On Tuesday, New York Times blogger Nate Silver attempted to make sense of the latest round of polls that had been released on Monday. Silver, an astute political statistical analyst, took note of the post-debate trend that has tilted the presidential contest in favor of Mitt Romney, but argued that the average of the various polls that had altered his daily forecast of the outcome had been skewed by one poll. That poll from Pew Research showed Romney ahead of President Obama by four percentage points, a result that seemed out of line with other surveys.
But the problem with dismissing the Pew Research Poll is that as more data is coming in from other sources, it isn’t possible to pretend that what has happened in the last week is the product of one poll. With the latest Gallup Tracking poll and an Investors Business Daily/TIPP Tracking poll both showing Romney ahead by two points, as well as other polls showing Romney gaining ground in swing states, there is a clear trend that is showing up across the board in a wide range of surveys. Romney has spent most of the year trailing the president and looked to be in big trouble in September as his deficit grew. But the first debate was clearly a turning point in the race, and though Silver has tried to argue that the post-Denver bounce has already started to recede, there is now a wide body of evidence illustrating that Obama is losing ground and, at best, is locked in a dead heat with his Republican challenger. The fact that the Real Clear Politics average of major polls is showing Romney with an aggregate lead today for the first time all year must send chills down the spines of the Obama campaign.
The signs of trouble for the Democrats are showing up in a raft of new polls being released every day. In the past few days, states like Michigan and Pennsylvania, which looked to be in the bag for the president, are now tightening up. Obama had opened up a significant lead in the key battleground state of Ohio, but now the Buckeye state, which was being colored blue in most electoral maps last month, is now back in the tossup column.
Some Democrats dismissed the Pew poll because they felt it reflected a disproportionately high sample of Republican voters. Yet the president’s cheering section had no problems with polls that were the product of samples that were based on the assumption that Democrats would heavily outnumber Republicans at the voting booth in November. While the assumption that Obama can duplicate his 2008 turnout seems wildly optimistic, Silver also wisely points out that party identification can be fluid in a presidential election. The number of those claiming sympathy with the GOP may be increasing. After getting a good look at the two candidates side by side last week, many Americans may have decided the Republicans aren’t the monsters that Democratic ads have portrayed.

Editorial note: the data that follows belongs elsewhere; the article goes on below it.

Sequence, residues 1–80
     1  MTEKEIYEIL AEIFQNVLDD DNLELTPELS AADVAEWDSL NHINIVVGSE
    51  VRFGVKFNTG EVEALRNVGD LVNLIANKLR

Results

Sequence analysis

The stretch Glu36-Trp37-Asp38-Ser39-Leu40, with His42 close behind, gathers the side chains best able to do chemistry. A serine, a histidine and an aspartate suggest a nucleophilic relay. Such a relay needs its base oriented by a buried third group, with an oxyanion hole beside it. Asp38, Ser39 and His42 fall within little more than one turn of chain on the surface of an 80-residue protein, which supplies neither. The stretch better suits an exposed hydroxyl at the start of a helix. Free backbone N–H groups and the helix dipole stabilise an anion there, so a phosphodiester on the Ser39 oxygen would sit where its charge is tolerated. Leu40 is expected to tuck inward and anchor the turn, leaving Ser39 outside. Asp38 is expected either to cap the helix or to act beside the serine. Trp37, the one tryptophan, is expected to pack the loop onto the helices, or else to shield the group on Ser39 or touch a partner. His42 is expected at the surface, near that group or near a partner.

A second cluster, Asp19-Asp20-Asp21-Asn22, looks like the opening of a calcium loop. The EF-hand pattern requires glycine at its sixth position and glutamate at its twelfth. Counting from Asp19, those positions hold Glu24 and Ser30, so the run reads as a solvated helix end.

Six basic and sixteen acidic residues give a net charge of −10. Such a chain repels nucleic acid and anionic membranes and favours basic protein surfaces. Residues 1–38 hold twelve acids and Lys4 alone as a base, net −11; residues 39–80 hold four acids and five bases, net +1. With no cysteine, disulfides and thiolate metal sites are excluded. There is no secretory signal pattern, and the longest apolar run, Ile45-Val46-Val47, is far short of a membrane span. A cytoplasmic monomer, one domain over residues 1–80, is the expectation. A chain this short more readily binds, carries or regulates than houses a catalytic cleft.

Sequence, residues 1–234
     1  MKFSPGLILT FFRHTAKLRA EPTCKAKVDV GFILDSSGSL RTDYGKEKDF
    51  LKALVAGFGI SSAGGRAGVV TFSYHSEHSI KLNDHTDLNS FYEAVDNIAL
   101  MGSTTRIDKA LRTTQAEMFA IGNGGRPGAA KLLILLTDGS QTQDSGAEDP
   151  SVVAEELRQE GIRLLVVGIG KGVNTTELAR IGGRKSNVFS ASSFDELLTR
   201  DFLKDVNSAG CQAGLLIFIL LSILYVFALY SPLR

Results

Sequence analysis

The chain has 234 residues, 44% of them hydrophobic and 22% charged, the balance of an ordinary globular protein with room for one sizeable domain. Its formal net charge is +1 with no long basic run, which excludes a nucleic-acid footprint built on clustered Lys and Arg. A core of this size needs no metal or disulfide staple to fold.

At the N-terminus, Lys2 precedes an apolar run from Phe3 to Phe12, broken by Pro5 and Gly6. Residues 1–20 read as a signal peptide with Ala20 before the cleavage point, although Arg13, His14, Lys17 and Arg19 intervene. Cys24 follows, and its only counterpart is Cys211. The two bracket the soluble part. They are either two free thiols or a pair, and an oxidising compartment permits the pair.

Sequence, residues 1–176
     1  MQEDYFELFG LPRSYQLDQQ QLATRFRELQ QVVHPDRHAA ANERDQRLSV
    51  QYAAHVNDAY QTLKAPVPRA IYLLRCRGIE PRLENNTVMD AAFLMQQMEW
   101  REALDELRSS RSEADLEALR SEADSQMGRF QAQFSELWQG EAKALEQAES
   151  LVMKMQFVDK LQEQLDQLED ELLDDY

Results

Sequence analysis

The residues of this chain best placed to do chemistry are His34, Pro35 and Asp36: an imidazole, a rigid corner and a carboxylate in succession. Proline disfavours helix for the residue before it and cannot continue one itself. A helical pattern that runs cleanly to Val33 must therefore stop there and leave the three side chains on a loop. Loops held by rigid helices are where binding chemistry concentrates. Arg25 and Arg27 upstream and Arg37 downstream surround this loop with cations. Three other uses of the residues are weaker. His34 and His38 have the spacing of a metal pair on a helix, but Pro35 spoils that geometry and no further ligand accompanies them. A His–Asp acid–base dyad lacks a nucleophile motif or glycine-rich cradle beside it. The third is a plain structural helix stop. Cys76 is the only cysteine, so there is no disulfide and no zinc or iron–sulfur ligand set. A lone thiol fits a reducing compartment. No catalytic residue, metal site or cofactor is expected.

Silver continues to insist that the “fundamentals” of the race are still pointing toward a favorable outcome for the president. He believes the index of economic factors he has compiled works in favor, rather than against, the incumbent. The assumption there is that the majority of Americans believe the rosy numbers about unemployment. Many may still blame the country’s problems on George W. Bush, and others may be persuaded by the Democrats’ attempt to brand Romney a “liar” based on assertions that even liberals concede are misleading if not a downright false.
As I have pointed out many times in this space, conservatives have always underestimated how much of an advantage it is for Obama to have the mainstream media in his pocket (something that was clearly demonstrated by their use of a clip of Andrea Mitchell wrongly claiming that Romney would raise taxes on the middle class in an ad that is being run repeatedly on national broadcasts such as the baseball playoffs). The right also tends to ignore the powerful hold that Obama’s status as the first African-American president has on many voters.
But the sinking feeling that has set in among Democrats in the wake of the president’s disastrous debate performance stems from their grudging recognition of the fact that the political messiah of 2008 is starting to show his feet of clay.
If the trend holds, and there is good reason to think it will, I expect Silver will start adjusting his November forecast to reflect the fact that the president should no longer be considered the overwhelming favorite. Anything can happen in the next four weeks, but right now it’s starting to look as if Obama peaked too early and Romney caught fire at just the right moment.
After digesting the polls released on Tuesday, Nate Silver has now backed away from his claim that Romney’s surge is solely the result of one survey skewing the averages. He concedes that Romney’s “uptick on Tuesday was a result of a wider volume of evidence.”
Despite this, he is still sticking to his forecast model that shows President Obama as the overwhelming favorite in the election:
The forecast model is not quite ready to jump on board with the notion that the race has become a literal toss-up; Mr. Romney will need to maintain his bounce for a few more days, or extend it into high-quality polls of swing states, before we can be surer about that.
But we are ready to conclude that one night in Denver undid most of the advantage Mr. Obama had appeared to gain in September.
Silver believes the president has amassed such a large lead that even Romney’s significant post-debate bounce still leaves him trailing. However, he does admit that the evidence of the national polls shows it to be essentially a dead heat.
It will be interesting to follow Silver’s forecast and to see whether his model, which seems to favor Obama, will stick with the president to the bitter end or wind up hedging its bets by Election Day.